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The Honorable Patrick Leahy
United States Senator
Statement of Senator Patrick Leahy,
I commend the Chairman for calling this hearing and thank the Senators and witnesses who are here today. Securing our borders is a challenge that we must face, no matter how complex and difficult. While tackling these issues we also need to recognize the important role immigrant labor plays in our economy and adopt practical guest worker programs that are supportive of that contribution.
Yesterday morning the Administration notified the Committee that it would not send Michael Chertoff, Secretary of Homeland Security, and Elaine L. Chao, Secretary of Labor, to testify at today's hearing. This is the second time in a single week that the Administration decided, on very late notice, to cancel the long-planned appearances of high-ranking officials on matters of significant importance to this Committee. I certainly hope that this does not signify a trend.
I am particularly disappointed in the Administration's cancellation of Secretary Chertoff's appearance. Members of the Committee would have benefited from engaging in a discussion with him on the various approaches to comprehensive reform. Secretary Chertoff said on July 13 that the Department of Homeland Security must "strengthen border security and interior enforcement, as well as improve our immigration system." He continued, "We cannot have one approach without the other." I agree with him, and with the sponsors of the legislation that we will discuss today, that these issues should be addressed together, and soon.
I was sorry to learn that the House Majority Leader recently stated that enforcement must be taken up first, with guest worker proposals to follow later. The Senate Majority Leader did not split these issues apart, but he said that immigration is not likely to be taken up on the Senate floor this year. We all know that 2006 is an election year, making it difficult to advance proposals to solve our immigration problems free from campaign rhetoric and posturing. I hope that we can take up these serious issues this year, and avoid the pressure of an election cycle.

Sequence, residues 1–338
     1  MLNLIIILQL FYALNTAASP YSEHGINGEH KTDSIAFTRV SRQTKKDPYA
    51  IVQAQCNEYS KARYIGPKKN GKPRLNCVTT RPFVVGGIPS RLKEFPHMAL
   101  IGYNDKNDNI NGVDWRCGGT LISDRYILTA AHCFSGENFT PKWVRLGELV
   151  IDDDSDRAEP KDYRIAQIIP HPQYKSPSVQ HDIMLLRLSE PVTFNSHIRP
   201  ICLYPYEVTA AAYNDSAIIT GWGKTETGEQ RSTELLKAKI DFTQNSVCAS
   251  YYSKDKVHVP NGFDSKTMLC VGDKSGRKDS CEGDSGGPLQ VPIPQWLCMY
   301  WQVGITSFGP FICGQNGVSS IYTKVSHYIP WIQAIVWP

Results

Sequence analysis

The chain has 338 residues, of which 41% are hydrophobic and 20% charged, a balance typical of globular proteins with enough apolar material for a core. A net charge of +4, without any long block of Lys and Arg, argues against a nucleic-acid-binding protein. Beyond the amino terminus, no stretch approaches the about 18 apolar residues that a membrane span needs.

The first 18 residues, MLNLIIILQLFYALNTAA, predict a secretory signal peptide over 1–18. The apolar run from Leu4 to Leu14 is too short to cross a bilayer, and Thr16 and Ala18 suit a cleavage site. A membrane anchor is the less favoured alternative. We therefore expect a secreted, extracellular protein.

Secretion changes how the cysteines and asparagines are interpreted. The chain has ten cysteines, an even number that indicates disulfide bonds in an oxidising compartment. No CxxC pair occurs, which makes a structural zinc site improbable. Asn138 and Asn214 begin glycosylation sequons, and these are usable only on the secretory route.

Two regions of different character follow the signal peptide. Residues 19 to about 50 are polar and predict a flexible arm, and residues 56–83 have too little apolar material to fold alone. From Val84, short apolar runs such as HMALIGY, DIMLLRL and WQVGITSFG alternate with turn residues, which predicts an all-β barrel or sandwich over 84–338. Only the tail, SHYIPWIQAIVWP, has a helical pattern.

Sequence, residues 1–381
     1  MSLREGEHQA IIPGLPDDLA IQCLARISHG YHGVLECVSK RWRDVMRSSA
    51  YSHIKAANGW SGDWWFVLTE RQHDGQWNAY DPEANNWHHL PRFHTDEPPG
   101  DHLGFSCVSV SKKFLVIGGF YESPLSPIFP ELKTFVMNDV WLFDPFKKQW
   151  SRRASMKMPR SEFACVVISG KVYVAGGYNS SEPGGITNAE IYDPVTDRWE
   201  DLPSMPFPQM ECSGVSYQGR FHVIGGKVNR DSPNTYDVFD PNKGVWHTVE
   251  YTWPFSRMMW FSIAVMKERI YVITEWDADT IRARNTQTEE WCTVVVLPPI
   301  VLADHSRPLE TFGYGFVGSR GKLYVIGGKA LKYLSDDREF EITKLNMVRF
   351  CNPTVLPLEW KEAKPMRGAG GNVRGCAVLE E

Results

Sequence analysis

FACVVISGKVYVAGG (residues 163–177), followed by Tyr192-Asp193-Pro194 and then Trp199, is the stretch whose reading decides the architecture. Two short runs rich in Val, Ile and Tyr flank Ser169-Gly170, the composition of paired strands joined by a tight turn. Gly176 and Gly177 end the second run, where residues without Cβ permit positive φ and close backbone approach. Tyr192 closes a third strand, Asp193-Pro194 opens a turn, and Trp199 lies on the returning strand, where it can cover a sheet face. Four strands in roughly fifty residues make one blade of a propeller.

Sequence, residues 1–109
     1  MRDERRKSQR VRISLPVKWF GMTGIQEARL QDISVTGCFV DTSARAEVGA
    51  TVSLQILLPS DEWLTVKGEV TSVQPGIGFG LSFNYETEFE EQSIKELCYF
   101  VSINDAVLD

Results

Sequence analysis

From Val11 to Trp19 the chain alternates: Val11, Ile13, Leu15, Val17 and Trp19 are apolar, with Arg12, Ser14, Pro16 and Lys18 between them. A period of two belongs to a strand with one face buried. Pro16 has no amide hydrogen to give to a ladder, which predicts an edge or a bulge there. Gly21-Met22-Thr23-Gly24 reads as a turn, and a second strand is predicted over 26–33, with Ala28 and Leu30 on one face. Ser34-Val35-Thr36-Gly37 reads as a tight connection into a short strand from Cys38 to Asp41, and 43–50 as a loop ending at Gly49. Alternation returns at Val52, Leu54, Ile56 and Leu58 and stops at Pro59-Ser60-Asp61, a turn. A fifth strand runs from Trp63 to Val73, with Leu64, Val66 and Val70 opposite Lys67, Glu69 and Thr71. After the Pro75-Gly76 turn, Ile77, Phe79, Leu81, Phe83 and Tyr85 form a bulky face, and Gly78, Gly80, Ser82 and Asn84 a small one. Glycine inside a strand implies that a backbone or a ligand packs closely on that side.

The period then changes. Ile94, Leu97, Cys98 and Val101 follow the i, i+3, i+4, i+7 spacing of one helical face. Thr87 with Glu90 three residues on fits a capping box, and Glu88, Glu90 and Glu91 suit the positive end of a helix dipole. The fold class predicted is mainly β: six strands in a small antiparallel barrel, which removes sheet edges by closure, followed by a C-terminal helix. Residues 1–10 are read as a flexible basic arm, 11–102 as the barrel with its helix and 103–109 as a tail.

In May, Senators McCain and Kennedy introduced their bill, S.1033, the Secure America and Orderly Immigration Act. I have said many times that I believe the McCain-Kennedy bill is the appropriate starting point for the Judiciary Committee to consider immigration reform. This bill recognizes that much of the nation's economy depends on immigrant labor, and that some of those immigrants do not have legal status. The bill provides an opportunity for those workers to earn legal status. It contains border security and enforcement provisions.
Last week, Senators Cornyn and Kyl introduced S.1438. Their approach supports the concept of a guest worker program but makes it exceedingly difficult for these non-citizens to obtain legal status. Illegal immigrants would have to leave the U.S. and then meet certain criteria before they could re-enter with legal, temporary status. The Cornyn-Kyl approach contains some troubling provisions that we must review carefully. It would authorize state and local police to enforce federal immigration laws, a policy that could undermine community policing efforts in immigrant communities. It would also expand expedited removal programs, which are already hurting bona fide asylum seekers.
Border security is a pressing issue in Vermont. I remain concerned that the Administration seems to have ignored Congress' clear and consistent call for substantial increases in staffing for the Border Patrol. The Border Patrol's presence on our Northern Border was minimal before the September 11th attacks, with about 300 agents assigned to the 4,000-mile border. Last December, Congress passed and the President signed the Intelligence Reform and Terrorism Prevention Act of 2004, which mandated an increase of at least 2,000 Border Patrol agents for FY 2006, with at least 20 percent of the increased agents to be assigned to the Northern Border. The President's budget, however, would have provided only enough funding to add 210 Border Patrol agents, or about 10 percent of what Congress mandated. Moreover, it appears that, of those agents provided for in the President's budget, not a single one would be assigned to the Northern Border.
While I am disappointed that the Homeland Security Appropriations Act that the Senate passed on July 14, 2005, fails to reach authorized levels, it does allocate for border security $600 million more the President's request, totaling $9.8 billion. It directs DHS to use the funding to hire 1,000 more border agents to reach the goal of 10,000 more agents over the next 10 years. We must fight to maintain these levels as the bill goes to conference.
The approaches to immigration reform that we will discuss today are complex. I commend Senators for studying the issues carefully and putting forward their proposals for our consideration. I look forward to today's hearing and thank all the witnesses for their contributions.